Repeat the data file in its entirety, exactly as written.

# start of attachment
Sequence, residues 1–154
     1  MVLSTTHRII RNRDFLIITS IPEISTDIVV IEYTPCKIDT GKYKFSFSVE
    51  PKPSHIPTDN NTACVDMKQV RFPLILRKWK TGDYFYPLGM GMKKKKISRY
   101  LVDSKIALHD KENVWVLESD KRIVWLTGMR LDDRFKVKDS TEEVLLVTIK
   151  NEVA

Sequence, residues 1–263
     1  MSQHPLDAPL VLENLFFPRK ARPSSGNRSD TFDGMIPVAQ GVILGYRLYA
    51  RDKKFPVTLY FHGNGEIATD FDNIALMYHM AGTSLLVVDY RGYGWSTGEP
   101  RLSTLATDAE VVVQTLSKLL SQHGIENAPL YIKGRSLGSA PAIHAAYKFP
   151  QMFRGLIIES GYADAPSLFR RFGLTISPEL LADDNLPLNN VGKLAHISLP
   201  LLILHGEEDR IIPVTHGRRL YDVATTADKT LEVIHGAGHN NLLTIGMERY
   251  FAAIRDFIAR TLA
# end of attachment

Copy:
Sequence, residues 1–154
     1  MVLSTTHRII RNRDFLIITS IPEISTDIVV IEYTPCKIDT GKYKFSFSVE
    51  PKPSHIPTDN NTACVDMKQV RFPLILRKWK TGDYFYPLGM GMKKKKISRY
   101  LVDSKIALHD KENVWVLESD KRIVWLTGMR LDDRFKVKDS TEEVLLVTIK
   151  NEVA

Sequence, residues 1–263
     1  MSQHPLDAPL VLENLFFPRK ARPSSGNRSD TFDGMIPVAQ GVILGYRLYA
    51  RDKKFPVTLY FHGNGEIATD FDNIALMYHM AGTSLLVVDY RGYGWSTGEP
   101  RLSTLATDAE VVVQTLSKLL SQHGIENAPL YIKGRSLGSA PAIHAAYKFP
   151  QMFRGLIIES GYADAPSLFR RFGLTISPEL LADDNLPLNN VGKLAHISLP
   201  LLILHGEEDR IIPVTHGRRL YDVATTADKT LEVIHGAGHN NLLTIGMERY
   251  FAAIRDFIAR TLA